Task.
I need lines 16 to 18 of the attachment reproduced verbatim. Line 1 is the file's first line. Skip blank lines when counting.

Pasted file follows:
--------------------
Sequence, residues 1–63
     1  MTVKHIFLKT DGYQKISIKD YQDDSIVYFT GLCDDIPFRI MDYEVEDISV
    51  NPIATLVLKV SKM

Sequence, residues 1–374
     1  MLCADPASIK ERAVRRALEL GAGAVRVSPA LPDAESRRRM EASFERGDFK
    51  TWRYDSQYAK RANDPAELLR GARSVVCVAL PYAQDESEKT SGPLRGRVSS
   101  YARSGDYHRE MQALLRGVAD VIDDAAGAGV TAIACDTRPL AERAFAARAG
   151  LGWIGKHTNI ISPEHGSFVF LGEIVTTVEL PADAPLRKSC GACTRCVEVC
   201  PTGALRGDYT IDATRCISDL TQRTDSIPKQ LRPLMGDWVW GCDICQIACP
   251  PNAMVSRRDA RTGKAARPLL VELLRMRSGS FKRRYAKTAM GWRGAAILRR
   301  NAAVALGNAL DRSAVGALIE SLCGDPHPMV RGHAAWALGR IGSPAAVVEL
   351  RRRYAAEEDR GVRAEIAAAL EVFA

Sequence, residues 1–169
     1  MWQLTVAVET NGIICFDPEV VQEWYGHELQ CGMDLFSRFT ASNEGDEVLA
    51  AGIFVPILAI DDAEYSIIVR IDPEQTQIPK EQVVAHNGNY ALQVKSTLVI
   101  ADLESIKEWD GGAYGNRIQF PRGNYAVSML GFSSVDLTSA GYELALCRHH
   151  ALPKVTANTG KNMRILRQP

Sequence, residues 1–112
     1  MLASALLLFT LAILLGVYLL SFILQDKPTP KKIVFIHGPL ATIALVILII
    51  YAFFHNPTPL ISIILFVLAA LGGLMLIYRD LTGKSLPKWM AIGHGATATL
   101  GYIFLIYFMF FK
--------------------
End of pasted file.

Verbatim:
   101  ADLESIKEWD GGAYGNRIQF PRGNYAVSML GFSSVDLTSA GYELALCRHH
   151  ALPKVTANTG KNMRILRQP

Sequence, residues 1–112